Sunday, March 5, 2017

Writing Tip #21: Who You Are

If you've made it to Tip #21 then you're now thinking to yourself: "Um, Renna, I'm a writer. Duh." Obviously. But like everything else in the complex world which is writing, you're more than a writer. Author? Sure. Editor? Yep. Promoter? Probably, well, should be. Social media royalty? It'd likely help.

This is not about you being a writer or any of the above. It's about who you are as a writer. Do you plan and plot out every detail? Do you open up a blank page, have a theme in mind and go with it? Are you a mix of both?

We'll go deeper: do you find you write better in the morning, afternoon or night? Are you more productive in small bursts or long sessions? Do you need to work on multiple projects at the same time or are you the kind of person who has to get something completely finished before moving onto something else?

Do you have to turn off spell check and grammar check to get a chapter done? Do you have to go back and read what you wrote before to get back into the groove? Do you have to edit as you go? Do you have to write in silence or can you write with background noise?

Do you write old-school with pen/pencil and paper or is everything stored on your computer? Do you need to use a fancy writing program or are you okay with the basics? Do you write linerally or write whatever scene catches your interest?

Why is this important?

Well, figuring out who you are as a writer will help you succeed in you know, writing. If you don't know what makes you reach your peak word count goals per hour/day/week/month/year then you'll never hit those goals.

The problem is figuring out what kind of writer you are can take time. It can also change over time in drastic ways. Finding out your most successful approach to writing comes with experience and investment. It can also come with changes in technology as the world around us ages.

See, I used to hand write everything on paper with pencil or pen. I would never finish anything and never planned. I would write whenever and paper didn't have spell check so naturally I didn't edit as I went.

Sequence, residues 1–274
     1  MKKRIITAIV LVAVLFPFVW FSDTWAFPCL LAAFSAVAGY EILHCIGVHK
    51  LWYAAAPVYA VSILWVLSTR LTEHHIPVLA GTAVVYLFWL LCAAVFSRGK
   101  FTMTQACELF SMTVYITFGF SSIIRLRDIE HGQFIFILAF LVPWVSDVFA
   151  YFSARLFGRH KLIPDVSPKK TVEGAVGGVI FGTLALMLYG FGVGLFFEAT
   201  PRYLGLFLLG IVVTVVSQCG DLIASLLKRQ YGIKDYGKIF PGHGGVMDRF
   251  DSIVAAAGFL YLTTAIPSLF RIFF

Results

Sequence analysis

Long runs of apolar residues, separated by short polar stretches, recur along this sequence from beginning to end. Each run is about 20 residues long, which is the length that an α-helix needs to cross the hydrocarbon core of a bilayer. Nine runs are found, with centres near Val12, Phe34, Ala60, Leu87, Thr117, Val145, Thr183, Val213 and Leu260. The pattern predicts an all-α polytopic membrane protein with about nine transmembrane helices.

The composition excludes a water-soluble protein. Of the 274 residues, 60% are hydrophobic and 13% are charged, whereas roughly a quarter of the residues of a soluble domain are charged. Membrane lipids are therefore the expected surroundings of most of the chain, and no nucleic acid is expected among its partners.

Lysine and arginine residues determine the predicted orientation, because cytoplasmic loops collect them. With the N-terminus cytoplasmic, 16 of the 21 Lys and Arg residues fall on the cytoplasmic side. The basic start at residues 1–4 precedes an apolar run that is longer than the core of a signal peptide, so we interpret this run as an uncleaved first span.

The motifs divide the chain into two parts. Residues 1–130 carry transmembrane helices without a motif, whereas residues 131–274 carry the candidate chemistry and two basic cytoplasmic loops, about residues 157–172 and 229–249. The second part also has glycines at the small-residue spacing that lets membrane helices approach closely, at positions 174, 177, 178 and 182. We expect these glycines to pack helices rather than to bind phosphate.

Now, everything I need for a novel can be found in one Word doc with a supplimentry document usually called "planning." I can still write whenever and I need to go back and read what I wrote to get back into the groove. I edit as I go and I always write from beginning to end, never deviating from the timeline to write a cool scene I'm looking forward to ahead of what comes before it.

I'm also a mix of both plotter and pantser. I have a large picture understanding, characters, a timeline, and maybe a few subplots but the majority of details and sometimes even entire scenes are written on a whim.

Heck, sometimes the entire story changes as I go and I end up with something better than I thought I would. I have to have music playing in the background or my brain will wander off and I won't get anything done.

Knowing all of the above has helped me win multiple NaNos, Camp NaNos, and has allowed me to successfully write a million words for the past, er, four years? Yeah. Something like that. It's allowed me to finish forty-someodd novels, a bunch of short stories and start Avalora (which is never-ending I swear).

I've also been able to plan my life around my writing. I know what I need to hit my optimal word counts and know how many hours it would take me to bang out a medium sized chapter. This means if I know I'm getting up early (or need to) I can plan some extra time to write during the week. I can plan around life-stuff and writing-stuff and not fall behind on anything.

I have time to socialize, to plan trips, work, and STILL make the million in a year. Mind you, I have gone from "must work on one project at a time" to "can work on more than one project" mainly because of the sheer size of Avalora and man, sometimes I need a break from the universe despite how much I love it.

There isn't a magic pill or special trick to figuring out who you are as a writer. You have to try everything in order to find the perfect flow but once you do then you'll be better for it.

Until next time: you know what to do.

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